You can’t set up such a system because you force people to attend different conferences, and everyone has a different schedule. The thing is, at some point you’re going to have to make a subjective decision.
Kramer, who turned 91 in October, said he laughed more than once when a gnashing of teeth from administrators, coaches and fans was heard across the country following the announcement of the four college football playoff teams.
I think they still have a little disagreement, but it’s not all bad, Kramer said. You’ve heard me say it a hundred times: It brings discussion and interest to the game, which I think is healthy.
Much of the criticism of CBS, which used a combination of human surveys, computer rankings and solid timing measures to determine the two teams that would play for the national title, was that it relied on the same brand schools and was not comprehensive enough.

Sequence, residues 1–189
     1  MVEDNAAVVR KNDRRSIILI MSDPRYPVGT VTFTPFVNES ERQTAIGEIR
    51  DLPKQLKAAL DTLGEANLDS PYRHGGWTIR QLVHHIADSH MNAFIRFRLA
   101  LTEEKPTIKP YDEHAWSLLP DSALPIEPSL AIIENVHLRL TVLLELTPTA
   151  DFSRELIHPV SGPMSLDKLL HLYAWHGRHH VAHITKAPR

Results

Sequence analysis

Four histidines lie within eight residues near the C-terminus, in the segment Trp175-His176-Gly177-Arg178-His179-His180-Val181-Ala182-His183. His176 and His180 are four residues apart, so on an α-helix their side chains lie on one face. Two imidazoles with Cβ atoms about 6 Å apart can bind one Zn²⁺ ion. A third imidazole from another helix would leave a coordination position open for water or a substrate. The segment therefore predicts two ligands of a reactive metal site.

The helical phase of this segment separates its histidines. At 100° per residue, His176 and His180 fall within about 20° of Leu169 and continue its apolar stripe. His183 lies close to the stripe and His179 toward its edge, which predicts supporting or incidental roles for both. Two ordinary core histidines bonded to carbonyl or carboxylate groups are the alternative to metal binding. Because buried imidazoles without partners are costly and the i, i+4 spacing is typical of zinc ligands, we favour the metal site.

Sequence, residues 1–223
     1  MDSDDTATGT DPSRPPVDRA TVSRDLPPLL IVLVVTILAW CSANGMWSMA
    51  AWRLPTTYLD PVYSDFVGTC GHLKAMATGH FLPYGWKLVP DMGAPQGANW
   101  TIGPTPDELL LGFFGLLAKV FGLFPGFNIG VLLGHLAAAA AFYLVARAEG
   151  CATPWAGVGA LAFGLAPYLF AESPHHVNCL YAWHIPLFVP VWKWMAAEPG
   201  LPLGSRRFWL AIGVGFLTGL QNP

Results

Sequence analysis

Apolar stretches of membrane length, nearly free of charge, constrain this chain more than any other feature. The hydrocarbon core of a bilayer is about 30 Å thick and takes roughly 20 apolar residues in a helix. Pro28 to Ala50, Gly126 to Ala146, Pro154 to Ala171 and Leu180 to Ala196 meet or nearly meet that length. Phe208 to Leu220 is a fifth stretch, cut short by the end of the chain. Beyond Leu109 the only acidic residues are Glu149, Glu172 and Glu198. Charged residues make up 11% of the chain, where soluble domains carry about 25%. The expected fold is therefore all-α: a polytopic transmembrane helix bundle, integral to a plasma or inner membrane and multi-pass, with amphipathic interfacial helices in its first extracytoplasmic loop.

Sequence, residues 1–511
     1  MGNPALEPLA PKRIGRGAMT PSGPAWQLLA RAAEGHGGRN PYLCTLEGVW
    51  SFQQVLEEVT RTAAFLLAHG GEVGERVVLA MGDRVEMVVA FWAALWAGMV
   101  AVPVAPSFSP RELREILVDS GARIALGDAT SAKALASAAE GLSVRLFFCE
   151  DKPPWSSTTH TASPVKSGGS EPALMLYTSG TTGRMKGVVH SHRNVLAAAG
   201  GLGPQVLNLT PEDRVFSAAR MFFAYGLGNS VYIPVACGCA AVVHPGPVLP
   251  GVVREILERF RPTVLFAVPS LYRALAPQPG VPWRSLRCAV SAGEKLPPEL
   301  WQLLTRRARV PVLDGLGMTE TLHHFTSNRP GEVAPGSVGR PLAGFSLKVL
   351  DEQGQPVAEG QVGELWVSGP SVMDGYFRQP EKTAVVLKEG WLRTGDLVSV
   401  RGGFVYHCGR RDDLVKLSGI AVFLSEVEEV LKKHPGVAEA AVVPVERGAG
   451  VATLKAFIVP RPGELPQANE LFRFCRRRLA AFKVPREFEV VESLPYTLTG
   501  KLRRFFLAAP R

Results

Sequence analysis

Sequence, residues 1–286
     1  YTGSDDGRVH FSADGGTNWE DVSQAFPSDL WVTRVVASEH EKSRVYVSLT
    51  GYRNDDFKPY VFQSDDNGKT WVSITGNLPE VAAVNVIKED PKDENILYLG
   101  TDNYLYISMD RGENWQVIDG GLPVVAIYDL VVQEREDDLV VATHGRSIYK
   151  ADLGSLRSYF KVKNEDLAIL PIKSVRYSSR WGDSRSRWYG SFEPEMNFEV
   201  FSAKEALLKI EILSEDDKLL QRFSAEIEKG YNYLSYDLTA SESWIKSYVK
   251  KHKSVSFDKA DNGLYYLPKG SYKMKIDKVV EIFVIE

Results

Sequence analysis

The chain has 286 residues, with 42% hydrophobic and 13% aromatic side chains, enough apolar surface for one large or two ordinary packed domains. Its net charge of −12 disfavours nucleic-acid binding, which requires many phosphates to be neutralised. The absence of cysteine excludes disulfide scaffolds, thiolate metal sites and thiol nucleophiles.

Well, since the creation of the college football playoffs after the 2013 season, the simulation version of the BCS shows that the old BCS formula has produced the same four teams as the PCP selection committee in each of the past seven years.
And not only that: Of the 28 slots allocated since the CFP was formed, 22 have gone to the same five teams: Alabama, Clemson, Notre Dame, Oklahoma and Ohio State. Alabama and Clemson have made the playoffs every year but one.
So has the transition from BCS to the college football playoffs changed much?
The further down you go, the more controversial it gets, when you pick teams that have lost two or more games, and then : Who did you lose to? Kramer said. The lower you go, the stronger it gets.
As a former SEC commissioner and former Vanderbilt athletics director, Kramer understands the value of participating in the playoffs as a Group 5 team. But he doesn’t think the expansion of the playoffs will break the usual suspects who win championships every year.